Well, it's Cinco de Mayo and I still can't speak Spanish.
When I was in kindergarten, a new boy from China moved into my class. Enamored by him, I told my mother I wanted to move to Bilingua. Surely, I assumed, people who are bilingual, hail from Bilingua. I wanted to move there and learn languages of all kinds. Instead I wound up in Hebrew school. Shalom.
In high school, Mr. G., my Spanish teacher thought I showed promise. He gave me a sexy Spanish name, "Sandia." I conjugated verbs to the best of my ability, but ultimately, I think he and I both realized that I have a better knack for foreign dialects than dialogue. He led me straight to the theatre department where I was promptly cast convincingly in West Side Story. I gave up dreams of actually speaking a foreign language and focused instead on learning how to act like I spoke a foreign language. Lucky for me, I had really supportive parents. Gracias, Mamacita. Meanwhile, I've spent a decade riding the subway enviously eavesdropping on international conversations I can't understand - but coming away with excellent character studies.
For what it's worth and because I can't leave it unsaid, Sandia means watermelon in Spanish. (The kitchen guys at my first waitress job clued me in). I bet Mr. G thought he was hilarious.
If only I'd grown up in the age of Dora the Explorer, maybe my linguistic journey would have been different.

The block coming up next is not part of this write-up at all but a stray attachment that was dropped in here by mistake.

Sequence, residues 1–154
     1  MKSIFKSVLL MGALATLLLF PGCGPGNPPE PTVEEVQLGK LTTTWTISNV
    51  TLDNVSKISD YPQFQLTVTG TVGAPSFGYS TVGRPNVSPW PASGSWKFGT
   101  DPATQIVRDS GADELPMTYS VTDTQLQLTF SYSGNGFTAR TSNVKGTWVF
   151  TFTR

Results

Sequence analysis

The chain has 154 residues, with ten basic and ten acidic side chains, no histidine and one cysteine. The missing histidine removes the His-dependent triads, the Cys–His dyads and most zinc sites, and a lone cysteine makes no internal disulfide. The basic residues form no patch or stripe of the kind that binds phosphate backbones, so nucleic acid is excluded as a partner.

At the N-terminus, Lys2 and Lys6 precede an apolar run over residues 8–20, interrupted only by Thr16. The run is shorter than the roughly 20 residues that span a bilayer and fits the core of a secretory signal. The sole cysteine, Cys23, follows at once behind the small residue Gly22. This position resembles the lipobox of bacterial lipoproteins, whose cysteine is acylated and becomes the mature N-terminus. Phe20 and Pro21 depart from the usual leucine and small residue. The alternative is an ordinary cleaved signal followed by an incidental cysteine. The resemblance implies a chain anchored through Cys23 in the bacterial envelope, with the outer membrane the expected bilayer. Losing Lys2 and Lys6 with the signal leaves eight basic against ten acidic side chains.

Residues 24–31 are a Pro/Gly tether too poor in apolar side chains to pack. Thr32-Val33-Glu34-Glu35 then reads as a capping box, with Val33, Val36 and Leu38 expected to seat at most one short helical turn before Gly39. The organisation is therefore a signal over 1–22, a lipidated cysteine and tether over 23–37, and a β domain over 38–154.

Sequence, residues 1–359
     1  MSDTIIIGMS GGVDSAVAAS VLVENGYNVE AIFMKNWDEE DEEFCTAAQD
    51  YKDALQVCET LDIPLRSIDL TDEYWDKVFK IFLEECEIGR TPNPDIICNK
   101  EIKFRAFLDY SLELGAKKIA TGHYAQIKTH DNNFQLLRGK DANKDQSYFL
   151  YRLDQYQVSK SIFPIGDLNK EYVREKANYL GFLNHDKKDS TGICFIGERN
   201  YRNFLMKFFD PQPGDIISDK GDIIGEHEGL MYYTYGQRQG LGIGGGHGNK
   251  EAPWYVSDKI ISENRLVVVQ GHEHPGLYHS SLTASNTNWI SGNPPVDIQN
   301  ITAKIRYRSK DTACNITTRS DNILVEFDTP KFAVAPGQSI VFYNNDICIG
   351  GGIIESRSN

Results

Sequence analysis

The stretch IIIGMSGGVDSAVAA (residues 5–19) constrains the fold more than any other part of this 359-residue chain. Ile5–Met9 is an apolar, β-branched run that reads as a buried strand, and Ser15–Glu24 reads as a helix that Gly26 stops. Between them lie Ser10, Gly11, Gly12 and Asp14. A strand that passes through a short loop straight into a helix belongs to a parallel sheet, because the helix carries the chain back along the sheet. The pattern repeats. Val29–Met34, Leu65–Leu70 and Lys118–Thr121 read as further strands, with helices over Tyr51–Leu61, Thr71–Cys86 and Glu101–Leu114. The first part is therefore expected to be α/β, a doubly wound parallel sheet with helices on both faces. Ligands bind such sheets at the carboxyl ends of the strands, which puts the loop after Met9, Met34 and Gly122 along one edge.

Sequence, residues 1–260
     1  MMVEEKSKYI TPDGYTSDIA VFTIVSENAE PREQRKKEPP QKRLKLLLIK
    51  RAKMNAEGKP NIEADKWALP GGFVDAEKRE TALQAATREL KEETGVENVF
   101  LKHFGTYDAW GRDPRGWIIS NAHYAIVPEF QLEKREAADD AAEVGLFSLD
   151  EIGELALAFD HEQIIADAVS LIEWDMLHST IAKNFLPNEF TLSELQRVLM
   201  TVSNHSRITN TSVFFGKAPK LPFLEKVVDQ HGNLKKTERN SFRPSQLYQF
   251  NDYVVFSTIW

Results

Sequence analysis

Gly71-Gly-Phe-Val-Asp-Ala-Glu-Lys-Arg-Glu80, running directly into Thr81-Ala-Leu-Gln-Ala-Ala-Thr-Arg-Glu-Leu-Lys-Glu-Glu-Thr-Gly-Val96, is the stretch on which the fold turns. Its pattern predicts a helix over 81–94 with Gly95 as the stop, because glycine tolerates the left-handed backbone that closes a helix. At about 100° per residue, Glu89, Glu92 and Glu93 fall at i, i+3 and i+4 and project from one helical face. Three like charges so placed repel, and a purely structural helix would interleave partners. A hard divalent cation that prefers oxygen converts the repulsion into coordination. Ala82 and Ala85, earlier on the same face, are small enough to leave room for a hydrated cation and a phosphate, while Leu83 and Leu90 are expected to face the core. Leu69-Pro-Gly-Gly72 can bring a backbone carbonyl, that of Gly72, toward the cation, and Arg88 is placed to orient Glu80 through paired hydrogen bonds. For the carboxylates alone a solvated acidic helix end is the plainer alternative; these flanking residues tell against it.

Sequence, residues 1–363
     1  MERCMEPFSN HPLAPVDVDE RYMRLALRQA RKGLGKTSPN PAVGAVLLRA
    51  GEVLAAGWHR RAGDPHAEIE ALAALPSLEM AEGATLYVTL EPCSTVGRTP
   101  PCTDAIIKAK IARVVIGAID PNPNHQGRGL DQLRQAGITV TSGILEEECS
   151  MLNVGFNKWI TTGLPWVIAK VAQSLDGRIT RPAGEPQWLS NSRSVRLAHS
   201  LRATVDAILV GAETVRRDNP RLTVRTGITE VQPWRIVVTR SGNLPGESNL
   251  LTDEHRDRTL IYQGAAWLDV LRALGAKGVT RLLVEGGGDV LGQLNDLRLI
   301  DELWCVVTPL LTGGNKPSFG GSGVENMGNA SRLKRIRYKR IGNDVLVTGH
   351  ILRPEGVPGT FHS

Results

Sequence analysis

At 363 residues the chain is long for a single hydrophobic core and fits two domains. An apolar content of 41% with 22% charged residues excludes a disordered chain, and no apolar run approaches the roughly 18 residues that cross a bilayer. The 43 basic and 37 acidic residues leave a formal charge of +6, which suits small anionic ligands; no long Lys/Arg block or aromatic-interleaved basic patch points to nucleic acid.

My office door hasn't been staying shut. It's been driving me bananas. So, I got the name of a local fix-it fella and asked him to swing by and take a look. Up he pulled, in his red pick-up truck with a ladder attached. He rang the doorbell - my speedy toddler and diabetic dog leapt up with surprising synchronicity to see who it was. Together, we opened the door and there stood a very friendly, young Hispanic man, wearing a tool belt and holding a tool box - his truck picturesquely parked in the driveway behind him. "Hola!" he said cheerfully. "Oh My God, " said my little boy, mouth agape, "it's Handy Manny!" (#DisneyJuniorOnDemandIsPopularAtOurHouse).
For the next hour, Handy Manny allowed my son to "help" him fix my office door. On his way out, Manny's new found short apprentice called after him, "Adios amigo! Hasta manana!" In that moment, I saw a bright multi-language future for my children.
My own failings are of no import in their own linguistic pursuits. My job is to simply support their interests. So, just as my parents supported my "Spanish" journey as Consuela the town whore in West Side Story, now I will support new found languages and interests of my own children. Whether they ever really immerse themselves in another language is to be seen, but you can bet I'll have a Handy Manny costume ready to go on Halloween.